Tips for Eating Dairy when Lactose Intolerant

Craving a taste of dairy without the discomfort? Smart substitutes and Lactase pills open up a world of possibilities for those with lactose intolerance. With these alternatives and clever substitutions, relishing the richness of dairy becomes feasible without compromising digestive health or requiring you to embark on a dairy-free diet. By grasping the lactose content of different dairy items, you gain the power to select options that suit your dietary requirements.

Understanding the nuances of lactose content in various dairy products empowers you to make choices that align with your dietary needs, proving that living with lactose intolerance doesn’t mean sacrificing flavour and variety. Follow our tips for how to eat dairy when lactose intolerant. 

The easiest way to manage your lactose intolerance and eliminate the need to restrict your diet to only consuming lactose free foods is to take lactase tablets. You simply take 1-2 tablets immediately before consuming foods that contain lactose. This increases the levels of lactase enzymes in your digestive system and assists the digestion of foods that has lactose – allowing you to enjoy dairy without any of the unpleasant symptoms associated with lactose intolerance such as gas, bloating, diarrhoea and abdominal discomfort. Please note that lactose intolerance is sometimes called dairy intolerance, so taking lactase pills also eliminates the need to avoid foods when you have a dairy intolerance.

Consuming dairy for lactose intolerant people can be stressful if you are not taking lactase enzyme pills. However the following tips and list of dairy foods for lactose intolerance may help minimise symptoms and your worries:

  • Consume smaller servings of dairy at a time. It is better to have several small servings spread out over the day rather than one larger serving. By doing this you will still receive the vital nutrients from dairy while minimising unpleasant symptoms. 
  • Eat dairy with other foods: This will slow the passage of the dairy through the gut and allow your body’s supply of lactase enzymes more time to work.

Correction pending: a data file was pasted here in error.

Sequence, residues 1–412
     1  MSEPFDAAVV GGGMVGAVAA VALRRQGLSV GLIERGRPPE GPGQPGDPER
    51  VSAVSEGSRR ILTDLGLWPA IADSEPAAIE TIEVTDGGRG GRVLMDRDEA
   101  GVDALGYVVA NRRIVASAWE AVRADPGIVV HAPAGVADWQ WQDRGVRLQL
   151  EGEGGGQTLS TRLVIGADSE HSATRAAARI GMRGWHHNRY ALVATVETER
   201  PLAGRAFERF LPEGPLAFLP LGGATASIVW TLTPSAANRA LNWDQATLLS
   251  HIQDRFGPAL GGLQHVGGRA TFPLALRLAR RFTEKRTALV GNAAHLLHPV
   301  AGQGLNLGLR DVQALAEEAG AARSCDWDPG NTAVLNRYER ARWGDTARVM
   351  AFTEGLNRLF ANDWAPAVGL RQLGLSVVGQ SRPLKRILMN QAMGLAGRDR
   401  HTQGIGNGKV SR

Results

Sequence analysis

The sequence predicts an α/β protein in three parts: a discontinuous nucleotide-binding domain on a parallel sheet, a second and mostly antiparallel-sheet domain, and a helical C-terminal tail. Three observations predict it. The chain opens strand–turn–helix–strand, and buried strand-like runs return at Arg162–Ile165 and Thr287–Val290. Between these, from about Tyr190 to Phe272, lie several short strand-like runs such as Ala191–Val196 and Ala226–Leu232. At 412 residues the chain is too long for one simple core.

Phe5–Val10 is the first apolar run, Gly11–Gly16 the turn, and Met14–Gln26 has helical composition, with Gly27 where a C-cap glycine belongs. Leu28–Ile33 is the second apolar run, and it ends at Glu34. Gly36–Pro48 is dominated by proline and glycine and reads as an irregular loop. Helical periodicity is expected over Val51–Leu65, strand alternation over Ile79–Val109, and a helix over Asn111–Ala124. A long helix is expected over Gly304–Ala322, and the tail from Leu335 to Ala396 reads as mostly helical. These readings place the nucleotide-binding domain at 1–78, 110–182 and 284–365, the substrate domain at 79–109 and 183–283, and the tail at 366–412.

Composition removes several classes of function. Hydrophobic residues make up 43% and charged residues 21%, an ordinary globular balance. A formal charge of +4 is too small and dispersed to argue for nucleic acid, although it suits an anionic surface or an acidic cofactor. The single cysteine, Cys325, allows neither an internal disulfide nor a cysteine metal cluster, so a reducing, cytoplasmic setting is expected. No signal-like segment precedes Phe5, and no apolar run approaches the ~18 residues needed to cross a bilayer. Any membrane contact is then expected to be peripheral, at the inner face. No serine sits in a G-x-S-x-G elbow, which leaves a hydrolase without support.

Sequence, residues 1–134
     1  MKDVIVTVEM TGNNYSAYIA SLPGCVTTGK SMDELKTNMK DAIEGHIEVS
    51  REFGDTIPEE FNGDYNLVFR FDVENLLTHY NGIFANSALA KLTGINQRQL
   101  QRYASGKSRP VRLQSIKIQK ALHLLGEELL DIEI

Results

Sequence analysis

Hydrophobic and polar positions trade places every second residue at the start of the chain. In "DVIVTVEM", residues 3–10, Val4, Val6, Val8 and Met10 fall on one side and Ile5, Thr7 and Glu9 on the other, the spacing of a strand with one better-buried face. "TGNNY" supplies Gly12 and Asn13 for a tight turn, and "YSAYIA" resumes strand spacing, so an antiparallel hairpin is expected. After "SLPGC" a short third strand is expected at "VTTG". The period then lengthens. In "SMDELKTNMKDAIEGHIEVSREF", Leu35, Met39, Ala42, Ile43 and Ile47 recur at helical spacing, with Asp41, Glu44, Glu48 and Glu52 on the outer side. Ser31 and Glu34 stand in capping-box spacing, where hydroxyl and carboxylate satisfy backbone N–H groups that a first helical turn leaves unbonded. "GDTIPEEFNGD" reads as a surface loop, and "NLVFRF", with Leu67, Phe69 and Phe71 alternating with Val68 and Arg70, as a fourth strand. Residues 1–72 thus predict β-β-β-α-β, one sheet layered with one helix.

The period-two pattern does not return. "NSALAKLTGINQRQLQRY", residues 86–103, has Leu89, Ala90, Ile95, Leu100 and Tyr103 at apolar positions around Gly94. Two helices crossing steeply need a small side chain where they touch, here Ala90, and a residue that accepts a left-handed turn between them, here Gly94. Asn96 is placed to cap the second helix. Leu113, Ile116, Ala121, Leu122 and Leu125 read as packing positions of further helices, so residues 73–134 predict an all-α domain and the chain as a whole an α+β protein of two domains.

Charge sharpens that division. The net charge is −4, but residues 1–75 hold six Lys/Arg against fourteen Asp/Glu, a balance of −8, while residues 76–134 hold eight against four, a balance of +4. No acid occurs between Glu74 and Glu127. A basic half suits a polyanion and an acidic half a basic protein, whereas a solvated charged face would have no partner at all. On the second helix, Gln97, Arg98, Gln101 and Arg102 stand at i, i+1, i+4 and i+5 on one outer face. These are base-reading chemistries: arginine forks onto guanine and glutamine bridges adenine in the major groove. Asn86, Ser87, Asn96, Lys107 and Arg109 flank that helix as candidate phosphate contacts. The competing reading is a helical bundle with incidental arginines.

• Use lactose free foods wherever possible. If you don’t like the taste of commercially bought dairy products for lactose intolerance or find them too expensive, you can make your own lactose free food such as milk, butters, ice creams and cheeses using Lacteeze Drops. Lacteeze Drops reduce the lactose content of liquid dairy products. This involves pre-treating the dairy with Lacteeze before consumption.
  • Milk for lactose intolerant people can be tricky.  Opt for full cream milk over skim or low fat milk. This is the best dairy for lactose intolerance as the fats in full cream milk slow down the passage of the milk through the digestive system, allowing lactase enzymes more time to break down the lactose. Skim milk contains more lactose than full-cream milk, and low fat milks travel quickly through the gut so are less well tolerated than full cream milks. There is no such thing as lactose intolerant milk only Lactose free milk which can be made at home using Lacteeze Drops as previously mentioned.
  • Cultured yoghurt may be well tolerated as it contains enzymes which help break down the lactose. 
  • Hard and more mature cheeses such as cheddar, Edam, Swiss, mozzarella, and feta generally contain very little lactose and are well tolerated dairy products for those with an intolerance.
  • Lactose can be found in many processed foods such as baked goods, desserts, cheese sauces, breakfast cereals and milk chocolate. For people with lactose intolerance it is important to check the ingredients of milk products for ingredients such as whey, milk solids or milk sugars.

Calcium-Rich, Foods For Lactose Intolerance

If you are embarking on a dairy free diet, the following calcium-rich, foods for a lactose free diet will help maintain your calcium levels:

  • Soy milk (fortified) including soy yoghurts
  • Sardines
  • Salmon (canned with bones)
  • Broccoli
  • Orange Juice (fortified)
  • Chard or Okra
  • Dandelion Greens
  • Tofu
  • Tuna
  • Almonds
  • Rhubarb
  • Oatmeal (fortified) and
  • Bread (whole wheat, fortified).

Many medications including some antihistamines contain lactose and this may not be marked on the label. If you are sensitive to dairy and suspect you are dairy intolerant, ask your doctor or pharmacist to check the fillers used in your medications. If you do find a medication is causing your digestive upset, taking Lactase tablets immediately before taking the medication will reduce or eliminate your symptoms.

Lactose is also an ingredient in many weight loss and sports supplements. Again using Lactase pills such as Lacteeze tablets prior to consuming the supplement, or Lacteeze Drops to reduce the lactose in liquid products, works well if these supplements are part of your diet.

It’s essential to listen to your body and find what works best for you. If you have concerns about your diet or experience persistent symptoms, it’s advisable to consult with a healthcare professional or a registered dietitian for personalised advice. They can help you create a balanced and enjoyable diet with appropriate foods for lactose intolerance that also meets your nutritional needs whether you’re eating dairy free or not.

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